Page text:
5 Simple ESD Principles Anyone Can Implement
Clients often ask, what can you do for the environment during a development beyond just installing LED lighting or commissioning a green wall at the entry foyer. While environmentally sustainable architectural design is characterised by site-specific responses, here are 5 medium to low hanging fruit for integrating environmentally sustainable design (ESD) into most commercial or institutional building. The principles are relatively universal, even if how they manifest themselves in a building varies with each context.
- Adapt, expand, or upgrade an existing building rather than building new. If you are considering building new, you may be underestimating the major upfront and residual carbon boost you gain back when reinvest in the existing building stock. Sure, there are certain limits to building envelope performance that come with older construction techniques or difficulties that arise with hazardous materials encapsulated within older buildings. For the average medium-term occupancy of a building though, future generations will thank you for significantly limiting a project’s contribution to the 30% of the world’s natural resources that are currently being consumed by buildings. Prefabricated additions to existing buildings also allow for expansion with a fraction of the waste of a new build (just make sure the existing structure can be strengthened to support any extra weight).
- Keep it fresh. Poor indoor air quality results in poor outcomes for occupant health and well-being. Paints, building products, adhesives and furnishings can all emit VOCs at various levels. Evidence suggests these emissions within buildings can have both short term and long-term side effects so setting a target for the total VOC emissions introduced within a building makes sense. Ample sources of fresh air are a must have for any occupied building. Whether fresh air is provided from openable windows that capture prevailing breezes or through a heat recovery or other mechanical system these considerations inform early design ideas.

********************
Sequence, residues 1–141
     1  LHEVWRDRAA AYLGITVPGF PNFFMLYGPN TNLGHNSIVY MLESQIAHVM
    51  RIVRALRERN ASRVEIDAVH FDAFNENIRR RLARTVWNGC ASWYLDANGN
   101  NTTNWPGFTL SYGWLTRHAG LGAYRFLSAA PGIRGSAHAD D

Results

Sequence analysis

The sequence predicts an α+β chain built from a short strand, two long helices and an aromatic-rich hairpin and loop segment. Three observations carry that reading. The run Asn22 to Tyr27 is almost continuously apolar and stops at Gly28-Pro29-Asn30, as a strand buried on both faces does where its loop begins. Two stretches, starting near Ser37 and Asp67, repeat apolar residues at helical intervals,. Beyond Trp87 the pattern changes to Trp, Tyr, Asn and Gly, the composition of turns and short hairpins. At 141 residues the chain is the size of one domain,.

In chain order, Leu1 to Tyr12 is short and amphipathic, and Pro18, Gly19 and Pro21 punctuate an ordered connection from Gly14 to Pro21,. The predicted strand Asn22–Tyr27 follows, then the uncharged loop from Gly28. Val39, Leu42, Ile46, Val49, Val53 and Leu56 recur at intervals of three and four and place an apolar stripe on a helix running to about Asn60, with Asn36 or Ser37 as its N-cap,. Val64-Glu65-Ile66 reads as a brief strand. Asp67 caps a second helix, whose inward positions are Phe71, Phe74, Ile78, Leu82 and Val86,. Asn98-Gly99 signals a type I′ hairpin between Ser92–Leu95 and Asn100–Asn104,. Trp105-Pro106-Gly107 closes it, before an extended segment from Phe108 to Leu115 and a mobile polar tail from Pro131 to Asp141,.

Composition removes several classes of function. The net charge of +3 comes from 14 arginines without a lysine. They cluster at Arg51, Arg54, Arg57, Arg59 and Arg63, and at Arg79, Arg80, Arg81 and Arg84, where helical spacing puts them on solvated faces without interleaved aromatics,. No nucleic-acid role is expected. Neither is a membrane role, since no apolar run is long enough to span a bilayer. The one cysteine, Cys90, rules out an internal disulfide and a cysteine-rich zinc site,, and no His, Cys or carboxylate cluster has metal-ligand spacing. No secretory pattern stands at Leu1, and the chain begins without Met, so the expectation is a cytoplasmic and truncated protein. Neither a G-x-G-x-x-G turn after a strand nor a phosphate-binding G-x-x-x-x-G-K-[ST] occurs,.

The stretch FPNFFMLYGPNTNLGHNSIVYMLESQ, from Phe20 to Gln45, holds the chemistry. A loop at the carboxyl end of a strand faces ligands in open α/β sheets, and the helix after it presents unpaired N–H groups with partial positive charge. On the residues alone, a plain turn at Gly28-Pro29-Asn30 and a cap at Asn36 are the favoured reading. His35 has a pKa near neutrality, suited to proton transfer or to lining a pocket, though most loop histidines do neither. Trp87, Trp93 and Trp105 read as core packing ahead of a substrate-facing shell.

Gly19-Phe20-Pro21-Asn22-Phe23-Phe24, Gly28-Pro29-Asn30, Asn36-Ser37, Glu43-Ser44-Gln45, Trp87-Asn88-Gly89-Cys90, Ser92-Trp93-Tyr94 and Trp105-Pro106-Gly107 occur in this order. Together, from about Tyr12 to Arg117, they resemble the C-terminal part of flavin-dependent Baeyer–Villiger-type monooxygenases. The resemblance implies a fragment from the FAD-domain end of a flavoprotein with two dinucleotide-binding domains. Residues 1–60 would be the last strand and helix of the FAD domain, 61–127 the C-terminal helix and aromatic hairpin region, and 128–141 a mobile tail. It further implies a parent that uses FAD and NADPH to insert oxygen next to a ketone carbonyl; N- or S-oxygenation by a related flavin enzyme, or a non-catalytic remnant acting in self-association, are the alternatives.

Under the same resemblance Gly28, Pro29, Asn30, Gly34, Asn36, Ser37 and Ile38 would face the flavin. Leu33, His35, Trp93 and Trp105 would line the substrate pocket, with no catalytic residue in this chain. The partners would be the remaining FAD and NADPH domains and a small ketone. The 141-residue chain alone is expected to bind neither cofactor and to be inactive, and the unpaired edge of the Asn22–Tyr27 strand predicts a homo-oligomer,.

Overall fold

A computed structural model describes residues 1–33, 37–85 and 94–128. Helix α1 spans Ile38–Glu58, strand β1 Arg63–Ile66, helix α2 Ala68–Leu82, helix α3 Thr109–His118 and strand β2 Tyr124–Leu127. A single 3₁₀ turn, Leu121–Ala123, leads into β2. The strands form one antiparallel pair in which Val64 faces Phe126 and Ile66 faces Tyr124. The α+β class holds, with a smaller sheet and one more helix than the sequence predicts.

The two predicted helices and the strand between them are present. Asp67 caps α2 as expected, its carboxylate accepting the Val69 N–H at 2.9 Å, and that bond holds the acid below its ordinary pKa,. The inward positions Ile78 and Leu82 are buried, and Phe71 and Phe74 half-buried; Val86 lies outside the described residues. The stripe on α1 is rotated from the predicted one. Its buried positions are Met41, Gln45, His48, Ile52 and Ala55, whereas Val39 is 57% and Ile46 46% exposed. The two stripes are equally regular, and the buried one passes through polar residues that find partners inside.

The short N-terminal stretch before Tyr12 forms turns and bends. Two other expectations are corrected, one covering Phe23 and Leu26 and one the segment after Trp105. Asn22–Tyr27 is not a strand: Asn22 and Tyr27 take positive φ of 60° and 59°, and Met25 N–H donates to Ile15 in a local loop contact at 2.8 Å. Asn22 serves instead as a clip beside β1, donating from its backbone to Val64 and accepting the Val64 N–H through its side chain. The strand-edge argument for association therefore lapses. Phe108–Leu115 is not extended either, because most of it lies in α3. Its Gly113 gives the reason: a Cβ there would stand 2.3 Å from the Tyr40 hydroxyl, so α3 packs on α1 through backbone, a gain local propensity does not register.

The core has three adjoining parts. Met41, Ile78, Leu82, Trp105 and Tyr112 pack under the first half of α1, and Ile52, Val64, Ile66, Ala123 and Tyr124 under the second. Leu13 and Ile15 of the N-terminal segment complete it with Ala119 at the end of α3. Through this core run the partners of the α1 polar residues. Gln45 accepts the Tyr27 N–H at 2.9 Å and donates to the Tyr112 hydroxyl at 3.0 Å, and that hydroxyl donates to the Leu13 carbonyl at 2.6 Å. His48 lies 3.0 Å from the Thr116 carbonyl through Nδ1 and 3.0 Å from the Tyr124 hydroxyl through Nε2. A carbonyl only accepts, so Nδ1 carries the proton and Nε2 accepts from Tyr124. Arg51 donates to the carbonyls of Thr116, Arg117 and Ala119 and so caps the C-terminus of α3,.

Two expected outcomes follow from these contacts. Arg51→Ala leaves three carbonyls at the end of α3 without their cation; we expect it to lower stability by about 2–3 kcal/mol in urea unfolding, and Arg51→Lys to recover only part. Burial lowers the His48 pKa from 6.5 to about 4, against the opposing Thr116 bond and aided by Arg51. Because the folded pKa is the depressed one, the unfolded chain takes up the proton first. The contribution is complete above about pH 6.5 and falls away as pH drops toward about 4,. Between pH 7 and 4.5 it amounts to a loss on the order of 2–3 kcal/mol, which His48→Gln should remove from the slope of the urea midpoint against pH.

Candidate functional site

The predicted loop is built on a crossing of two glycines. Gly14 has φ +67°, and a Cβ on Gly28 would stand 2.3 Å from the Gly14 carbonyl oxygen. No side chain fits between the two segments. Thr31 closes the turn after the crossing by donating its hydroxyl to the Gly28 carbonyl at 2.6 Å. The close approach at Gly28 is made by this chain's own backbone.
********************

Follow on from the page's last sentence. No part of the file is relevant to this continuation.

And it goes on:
- Insulate and keep the envelope airtight. Particularly in Canberra where ck architecture operates, heat loss in winter and heat gain in summer can easily account for a large portion of carbon during the use phase of a building. In cool temperate climates, an inner airtightness membrane in addition to outer vapour permeable membrane can eliminate drafts and keep condensation within walls to a minimum.
- Consider water flow paths. When flows are referred to in an ESD context they can include anything that passes through a site, such as a material flow or a nutrient flow. For example, for the flow of stormwater through your site, the introduction of an additional roof or paved area to a greenfield of brownfield site will cause a higher velocity and volume of stormwater to flow through the site since not all of it can penetrate into the soil. Low impact development techniques such as detaining stormwater in rain gardens or introducing permeable pavements can alleviate the potential for downstream erosion as a result of the development. Granting yourself or your organisation permission to focus on one environmental flow may provide its own payback and incentive to do address other more intangible environmental or social impacts associated with your development.
- Ask for more environmentally responsible products. Although many manufacturers do not always make it easy for direct comparisons on a full list of their environmental credentials. Where they exist, Environmental Product Declarations (EPDs) have now made it easier to compare materials and building products based on a common functional unit (such as a square metres of material). Although voluntary, EPD’s provide the opportunity for building professionals to clearly discriminate with their specification based on measures such as Global warming potential (GWP) Acidification potential, Eutrophication potential and Photochemical ozone depletion. When restrictions on upfront carbon are targeted in Greenstar certifications or partial life cycle assessments (LCAs) frank conversations with suppliers who are provide less environmentally responsible alternatives can start occurring on a regular basis.
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